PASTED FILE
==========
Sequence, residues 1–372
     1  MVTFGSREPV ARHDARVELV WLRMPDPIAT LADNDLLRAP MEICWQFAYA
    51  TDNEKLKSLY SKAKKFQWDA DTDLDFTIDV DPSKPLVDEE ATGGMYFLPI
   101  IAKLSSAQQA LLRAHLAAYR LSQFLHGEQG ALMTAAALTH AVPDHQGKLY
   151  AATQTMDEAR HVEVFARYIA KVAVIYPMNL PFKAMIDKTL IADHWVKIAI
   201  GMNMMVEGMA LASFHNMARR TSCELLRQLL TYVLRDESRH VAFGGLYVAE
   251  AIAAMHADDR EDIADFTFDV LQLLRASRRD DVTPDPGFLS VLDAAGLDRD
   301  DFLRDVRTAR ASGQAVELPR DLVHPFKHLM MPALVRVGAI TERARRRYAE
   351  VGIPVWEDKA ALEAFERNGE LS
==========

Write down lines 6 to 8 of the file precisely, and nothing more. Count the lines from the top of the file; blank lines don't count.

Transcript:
   201  GMNMMVEGMA LASFHNMARR TSCELLRQLL TYVLRDESRH VAFGGLYVAE
   251  AIAAMHADDR EDIADFTFDV LQLLRASRRD DVTPDPGFLS VLDAAGLDRD
   301  DFLRDVRTAR ASGQAVELPR DLVHPFKHLM MPALVRVGAI TERARRRYAE